Nevada and race have quite a history

During an October 1971 occupation of the UNR student union by African-American students, a protestor used one of Nevada’s nicknames on his sign.

During an October 1971 occupation of the UNR student union by African-American students, a protestor used one of Nevada’s nicknames on his sign.


The student newspaper at the University of Nevada, Las Vegas, the Rebel Yell, once carried a Confederate flag on its front page.

Reno’s Club Cal Neva once had “Wild Indian Slots” and still had the term painted on its outer Virginia Street wall as late as the 1990s, though the slots themselves had already been discontinued. The logo still survives on a Mill Street warehouse.

The old Reno plumbing supply house Savage and Son abandoned its onetime logo of a black native with a spear standing alongside his child.

The dispute over the Confederate flag that followed the Charleston church murders has prompted many to look deeper into symbols than they did before and even to face down those who claim that such introspection represents “political correctness.”

“Those who want to defend keeping the flag up, it’s one of their top defense mechanisms,” said University of Nevada, Reno social psychologist James Richardson. “And I certainly think political correctness can go too far.”

But Richardson also said symbols are important, that they are part of the way we define ourselves, so they matter. And the fact that Wild Indian Slots and the Savage and Son image were in use relatively recently shows that some sentiments may not be deeply buried.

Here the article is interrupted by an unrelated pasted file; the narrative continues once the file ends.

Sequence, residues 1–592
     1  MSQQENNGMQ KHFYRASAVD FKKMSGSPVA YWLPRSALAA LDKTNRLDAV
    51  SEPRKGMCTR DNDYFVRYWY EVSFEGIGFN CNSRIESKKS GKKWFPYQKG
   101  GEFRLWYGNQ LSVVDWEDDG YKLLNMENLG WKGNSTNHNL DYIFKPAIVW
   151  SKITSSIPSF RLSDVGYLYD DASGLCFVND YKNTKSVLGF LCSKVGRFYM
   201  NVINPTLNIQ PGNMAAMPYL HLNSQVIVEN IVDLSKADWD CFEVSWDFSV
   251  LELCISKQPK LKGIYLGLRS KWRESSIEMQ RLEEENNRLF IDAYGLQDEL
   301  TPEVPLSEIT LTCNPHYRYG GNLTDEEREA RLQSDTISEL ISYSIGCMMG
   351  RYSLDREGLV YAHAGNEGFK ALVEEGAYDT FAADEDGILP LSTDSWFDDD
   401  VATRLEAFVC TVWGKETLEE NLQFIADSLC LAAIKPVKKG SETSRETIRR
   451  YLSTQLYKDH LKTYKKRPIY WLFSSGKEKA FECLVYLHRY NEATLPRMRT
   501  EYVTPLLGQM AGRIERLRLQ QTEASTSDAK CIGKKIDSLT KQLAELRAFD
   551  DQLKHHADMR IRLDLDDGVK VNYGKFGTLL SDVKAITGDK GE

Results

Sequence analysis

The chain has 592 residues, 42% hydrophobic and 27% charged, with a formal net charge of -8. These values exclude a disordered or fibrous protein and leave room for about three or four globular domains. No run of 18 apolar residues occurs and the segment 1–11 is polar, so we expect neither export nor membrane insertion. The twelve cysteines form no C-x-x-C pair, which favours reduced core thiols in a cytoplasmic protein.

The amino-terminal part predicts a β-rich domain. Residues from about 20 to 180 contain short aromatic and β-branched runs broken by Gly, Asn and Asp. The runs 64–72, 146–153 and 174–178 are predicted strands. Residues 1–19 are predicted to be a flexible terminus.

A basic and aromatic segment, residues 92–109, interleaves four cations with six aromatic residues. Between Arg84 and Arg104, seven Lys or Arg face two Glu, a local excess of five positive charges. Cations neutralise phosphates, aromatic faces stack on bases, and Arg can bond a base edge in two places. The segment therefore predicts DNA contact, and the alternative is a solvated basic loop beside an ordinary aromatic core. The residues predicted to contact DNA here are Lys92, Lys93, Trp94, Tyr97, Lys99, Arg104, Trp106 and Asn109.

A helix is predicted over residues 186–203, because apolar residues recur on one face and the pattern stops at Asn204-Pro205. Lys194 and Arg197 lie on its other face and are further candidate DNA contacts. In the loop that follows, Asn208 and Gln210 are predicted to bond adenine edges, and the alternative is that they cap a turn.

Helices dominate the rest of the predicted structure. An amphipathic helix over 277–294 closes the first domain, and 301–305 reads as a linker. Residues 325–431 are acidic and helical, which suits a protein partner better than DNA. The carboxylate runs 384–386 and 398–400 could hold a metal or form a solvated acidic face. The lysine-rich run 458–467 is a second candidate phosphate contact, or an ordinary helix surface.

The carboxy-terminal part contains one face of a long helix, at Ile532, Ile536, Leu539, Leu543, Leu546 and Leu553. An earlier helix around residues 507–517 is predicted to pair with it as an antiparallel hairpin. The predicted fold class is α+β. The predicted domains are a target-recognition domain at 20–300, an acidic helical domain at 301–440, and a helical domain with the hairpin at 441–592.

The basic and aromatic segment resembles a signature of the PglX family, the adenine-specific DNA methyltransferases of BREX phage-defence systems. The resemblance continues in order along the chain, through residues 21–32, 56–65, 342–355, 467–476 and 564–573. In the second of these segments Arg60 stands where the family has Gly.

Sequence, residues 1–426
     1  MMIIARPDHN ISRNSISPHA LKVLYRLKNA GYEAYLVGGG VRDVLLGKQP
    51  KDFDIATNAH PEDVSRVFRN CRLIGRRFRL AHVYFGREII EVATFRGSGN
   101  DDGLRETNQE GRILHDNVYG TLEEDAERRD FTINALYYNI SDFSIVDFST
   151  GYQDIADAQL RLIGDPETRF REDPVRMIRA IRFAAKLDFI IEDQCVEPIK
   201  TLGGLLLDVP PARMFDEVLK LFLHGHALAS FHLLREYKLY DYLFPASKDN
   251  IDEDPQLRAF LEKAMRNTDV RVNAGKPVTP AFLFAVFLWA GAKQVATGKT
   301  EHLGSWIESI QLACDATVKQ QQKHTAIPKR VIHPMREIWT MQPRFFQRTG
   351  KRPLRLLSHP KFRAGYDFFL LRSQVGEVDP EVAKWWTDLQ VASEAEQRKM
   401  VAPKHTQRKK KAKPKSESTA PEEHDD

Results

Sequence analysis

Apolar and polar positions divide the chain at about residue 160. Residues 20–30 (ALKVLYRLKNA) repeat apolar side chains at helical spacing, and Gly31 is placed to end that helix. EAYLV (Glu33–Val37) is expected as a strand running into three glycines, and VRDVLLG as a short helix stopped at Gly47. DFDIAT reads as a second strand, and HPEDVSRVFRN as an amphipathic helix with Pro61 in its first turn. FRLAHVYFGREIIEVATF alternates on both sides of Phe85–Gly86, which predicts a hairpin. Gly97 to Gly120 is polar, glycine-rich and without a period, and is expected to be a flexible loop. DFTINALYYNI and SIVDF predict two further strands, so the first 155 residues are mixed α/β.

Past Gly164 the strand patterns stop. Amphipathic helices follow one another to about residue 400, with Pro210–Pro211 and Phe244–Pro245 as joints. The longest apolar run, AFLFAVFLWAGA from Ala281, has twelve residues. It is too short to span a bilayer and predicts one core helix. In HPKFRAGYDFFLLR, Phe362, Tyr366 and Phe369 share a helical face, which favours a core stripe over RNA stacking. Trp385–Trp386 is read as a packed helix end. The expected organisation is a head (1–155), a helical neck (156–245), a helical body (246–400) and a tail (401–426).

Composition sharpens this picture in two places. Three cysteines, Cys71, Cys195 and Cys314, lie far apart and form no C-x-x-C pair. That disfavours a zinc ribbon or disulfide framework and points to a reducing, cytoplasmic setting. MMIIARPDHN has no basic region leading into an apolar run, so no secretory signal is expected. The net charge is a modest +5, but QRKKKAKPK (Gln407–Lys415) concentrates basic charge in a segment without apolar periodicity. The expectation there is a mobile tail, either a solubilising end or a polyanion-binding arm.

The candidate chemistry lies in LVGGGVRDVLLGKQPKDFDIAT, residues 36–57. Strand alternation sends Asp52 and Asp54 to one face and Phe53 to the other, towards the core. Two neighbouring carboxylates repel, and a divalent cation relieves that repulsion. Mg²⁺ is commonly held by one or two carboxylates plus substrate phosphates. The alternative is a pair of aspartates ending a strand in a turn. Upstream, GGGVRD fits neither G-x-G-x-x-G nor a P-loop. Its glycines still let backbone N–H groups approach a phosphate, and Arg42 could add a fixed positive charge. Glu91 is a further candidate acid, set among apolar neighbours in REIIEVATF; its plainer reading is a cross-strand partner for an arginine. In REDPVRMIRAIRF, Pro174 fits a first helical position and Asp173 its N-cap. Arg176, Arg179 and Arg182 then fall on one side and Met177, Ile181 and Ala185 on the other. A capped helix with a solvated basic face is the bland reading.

Last week, the two party leaders in the Senate—majority floor leader Mitch McConnell of Kentucky and minority leader Harry Reid of Nevada—called for their home states to come to grips with identifying with the Confederacy. McConnell raised “the appropriateness of continuing to have Jefferson Davis’ statue in a very prominent place in our state capital.”

Reid called on Nevada to deal with the University of Nevada, Las Vegas’s long identification with the Confederacy.

“It’s up to the Board of Regents, and I believe they should take a look at it,” he said.

In an editorial attacking Reid, the Las Vegas Review-Journal said, “The university adopted Confederate symbols, not out of allegiance to racism and slavery, but to acknowledge the state’s fierce North-South rivalry and Nevada Southern University’s breakaway from the University of Nevada, Reno.” This claim has been made several times, but no one has cited evidence for it, and some have claimed it is a latter-day explanation.

One campus source said, “If they drop that concept, it’s going to cost them a fortune and another fortune to rebrand.”

The campus has made halfhearted gestures to break the Confederate linkage, but then would often embrace it again. The newspaper dropped the Confederate flag from its front page early on and changed its name from the Rebel Yell to the Yell in 1970. In 1983, it reestablished the identification with the name Yellin’ Rebel. And in 1992, it went right back to the Rebel Yell. (The term “rebel yell” refers to a battle cry by Confederate troops, several recordings of which by veterans have survived in the Library of Congress.) The original campus mascot was replaced by another campus mascot—but both had Confederate linkage. It all represents an odd stance in a state that brags about its association with President Lincoln.